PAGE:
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GNU Emacs Lisp Reference Manual

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15.2 Library Search

When Emacs loads a Lisp library, it searches for the library in a list of directories specified by the variable load-path.

User Option: load-path
The value of this variable is a list of directories to search when loading files with load. Each element is a string (which must be a directory name) or nil (which stands for the current working directory).

The value of load-path is initialized from the environment variable EMACSLOADPATH, if that exists; otherwise its default value is specified in `emacs/src/paths.h' when Emacs is built. Then the list is expanded by adding subdirectories of the directories in the list.

The syntax of EMACSLOADPATH is the same as used for PATH; `:' (or `;', according to the operating system) separates directory names, and `.' is used for the current default directory. Here is an example of how to set your EMACSLOADPATH variable from a csh `.login' file:

setenv EMACSLOADPATH .:/user/bil/emacs:/usr/local/share/emacs/20.3/lisp

Here is how to set it using sh:


Here is an example of code you can place in your init file (see section 40.1.2 The Init File, `.emacs') to add several directories to the front of your default load-path:

(setq load-path
      (append (list nil "/user/bil/emacs"

In this example, the path searches the current working directory first, followed then by the `/user/bil/emacs' directory, the `/usr/local/lisplib' directory, and the `~/emacs' directory, which are then followed by the standard directories for Lisp code.

Dumping Emacs uses a special value of load-path. If the value of load-path at the end of dumping is unchanged (that is, still the same special value), the dumped Emacs switches to the ordinary load-path value when it starts up, as described above. But if load-path has any other value at the end of dumping, that value is used for execution of the dumped Emacs also.

Therefore, if you want to change load-path temporarily for loading a few libraries in `site-init.el' or `site-load.el', you should bind load-path locally with let around the calls to load.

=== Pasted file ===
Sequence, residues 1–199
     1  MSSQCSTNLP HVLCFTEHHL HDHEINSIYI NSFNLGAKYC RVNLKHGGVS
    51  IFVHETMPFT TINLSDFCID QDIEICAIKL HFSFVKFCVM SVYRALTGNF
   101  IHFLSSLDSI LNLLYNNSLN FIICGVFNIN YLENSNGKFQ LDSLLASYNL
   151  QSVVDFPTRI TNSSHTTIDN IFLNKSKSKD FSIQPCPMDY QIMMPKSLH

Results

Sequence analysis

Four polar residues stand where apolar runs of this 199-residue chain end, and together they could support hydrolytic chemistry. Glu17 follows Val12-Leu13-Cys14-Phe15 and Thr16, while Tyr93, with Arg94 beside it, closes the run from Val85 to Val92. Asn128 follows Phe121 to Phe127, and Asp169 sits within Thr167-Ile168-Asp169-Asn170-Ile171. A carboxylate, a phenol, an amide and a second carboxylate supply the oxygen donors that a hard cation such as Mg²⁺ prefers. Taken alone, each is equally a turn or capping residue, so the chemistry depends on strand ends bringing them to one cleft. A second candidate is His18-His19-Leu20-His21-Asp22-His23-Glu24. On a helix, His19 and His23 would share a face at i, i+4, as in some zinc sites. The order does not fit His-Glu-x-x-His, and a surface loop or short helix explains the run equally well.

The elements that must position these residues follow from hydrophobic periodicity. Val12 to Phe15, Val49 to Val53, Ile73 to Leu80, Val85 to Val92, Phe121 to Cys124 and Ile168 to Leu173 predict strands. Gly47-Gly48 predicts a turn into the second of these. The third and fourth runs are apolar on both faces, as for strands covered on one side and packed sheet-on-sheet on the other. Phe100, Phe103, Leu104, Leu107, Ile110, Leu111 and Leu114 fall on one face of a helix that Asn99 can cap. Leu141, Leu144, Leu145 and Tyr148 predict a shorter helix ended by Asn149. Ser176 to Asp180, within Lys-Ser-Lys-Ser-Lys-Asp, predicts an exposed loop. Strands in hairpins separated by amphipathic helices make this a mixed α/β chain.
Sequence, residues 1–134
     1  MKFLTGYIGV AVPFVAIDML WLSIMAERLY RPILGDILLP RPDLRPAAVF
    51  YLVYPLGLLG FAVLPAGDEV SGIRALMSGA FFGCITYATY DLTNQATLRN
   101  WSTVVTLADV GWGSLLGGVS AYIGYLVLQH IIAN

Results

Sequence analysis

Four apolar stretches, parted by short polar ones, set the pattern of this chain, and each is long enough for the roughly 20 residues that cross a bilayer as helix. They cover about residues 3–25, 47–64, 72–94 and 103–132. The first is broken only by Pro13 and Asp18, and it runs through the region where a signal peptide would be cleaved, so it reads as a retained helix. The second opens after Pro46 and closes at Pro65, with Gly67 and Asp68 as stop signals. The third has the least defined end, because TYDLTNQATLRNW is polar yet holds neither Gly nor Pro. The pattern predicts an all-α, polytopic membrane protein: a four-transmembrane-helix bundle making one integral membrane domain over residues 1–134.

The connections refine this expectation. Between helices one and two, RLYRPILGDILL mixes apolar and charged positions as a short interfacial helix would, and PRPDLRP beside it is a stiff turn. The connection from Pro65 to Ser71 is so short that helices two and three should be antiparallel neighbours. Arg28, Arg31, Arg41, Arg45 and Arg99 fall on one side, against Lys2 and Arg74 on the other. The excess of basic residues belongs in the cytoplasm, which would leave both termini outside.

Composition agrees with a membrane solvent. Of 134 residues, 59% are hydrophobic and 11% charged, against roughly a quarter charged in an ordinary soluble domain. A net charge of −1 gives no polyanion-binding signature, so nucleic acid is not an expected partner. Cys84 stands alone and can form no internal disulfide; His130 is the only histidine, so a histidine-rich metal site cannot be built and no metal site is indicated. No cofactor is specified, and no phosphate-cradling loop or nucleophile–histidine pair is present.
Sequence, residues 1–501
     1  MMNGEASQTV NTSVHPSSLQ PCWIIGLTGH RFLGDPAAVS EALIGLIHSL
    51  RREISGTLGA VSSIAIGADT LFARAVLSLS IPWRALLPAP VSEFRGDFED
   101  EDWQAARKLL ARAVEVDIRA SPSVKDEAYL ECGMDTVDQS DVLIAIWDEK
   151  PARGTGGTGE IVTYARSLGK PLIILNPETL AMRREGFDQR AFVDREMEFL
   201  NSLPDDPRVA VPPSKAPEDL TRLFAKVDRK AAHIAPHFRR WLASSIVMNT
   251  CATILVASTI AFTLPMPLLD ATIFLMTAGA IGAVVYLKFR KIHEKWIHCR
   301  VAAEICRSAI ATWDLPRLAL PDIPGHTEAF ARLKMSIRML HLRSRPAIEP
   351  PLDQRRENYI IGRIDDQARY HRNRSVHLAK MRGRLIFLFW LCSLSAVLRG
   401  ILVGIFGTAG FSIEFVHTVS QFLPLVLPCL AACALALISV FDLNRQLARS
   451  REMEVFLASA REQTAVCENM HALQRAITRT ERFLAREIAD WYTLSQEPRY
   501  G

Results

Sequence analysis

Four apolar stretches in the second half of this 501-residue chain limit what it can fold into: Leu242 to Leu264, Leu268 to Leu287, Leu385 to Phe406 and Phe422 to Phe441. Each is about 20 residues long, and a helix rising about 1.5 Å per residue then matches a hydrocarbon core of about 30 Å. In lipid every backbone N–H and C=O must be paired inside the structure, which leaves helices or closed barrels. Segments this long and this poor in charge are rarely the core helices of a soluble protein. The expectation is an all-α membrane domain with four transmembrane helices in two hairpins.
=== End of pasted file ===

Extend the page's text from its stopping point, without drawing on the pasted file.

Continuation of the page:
The default value of load-path, when running an Emacs which has been installed on the system, includes two special directories (and their subdirectories as well):




The first one is for locally installed packages for a particular Emacs version; the second is for locally installed packages meant for use with all installed Emacs versions.

There are several reasons why a Lisp package that works well in one Emacs version can cause trouble in another. Sometimes packages need updating for incompatible changes in Emacs; sometimes they depend on undocumented internal Emacs data that can change without notice; sometimes a newer Emacs version incorporates a version of the package, and should be used only with that version.

Emacs finds these directories' subdirectories and adds them to load-path when it starts up. Both immediate subdirectories and subdirectories multiple levels down are added to load-path.

Not all subdirectories are included, though. Subdirectories whose names do not start with a letter or digit are excluded. Subdirectories named `RCS' or `CVS' are excluded. Also, a subdirectory which contains a file named `.nosearch' is excluded. You can use these methods to prevent certain subdirectories of the `site-lisp' directories from being searched.

If you run Emacs from the directory where it was built--that is, an executable that has not been formally installed--then load-path normally contains two additional directories. These are the lisp and site-lisp subdirectories of the main build directory. (Both are represented as absolute file names.)

Command: locate-library library &optional nosuffix path interactive-call
This command finds the precise file name for library library. It searches for the library in the same way load does, and the argument nosuffix has the same meaning as in load: don't add suffixes `.elc' or `.el' to the specified name library.

If the path is non-nil, that list of directories is used instead of load-path.

When locate-library is called from a program, it returns the file name as a string. When the user runs locate-library interactively, the argument interactive-call is t, and this tells locate-library to display the file name in the echo area.

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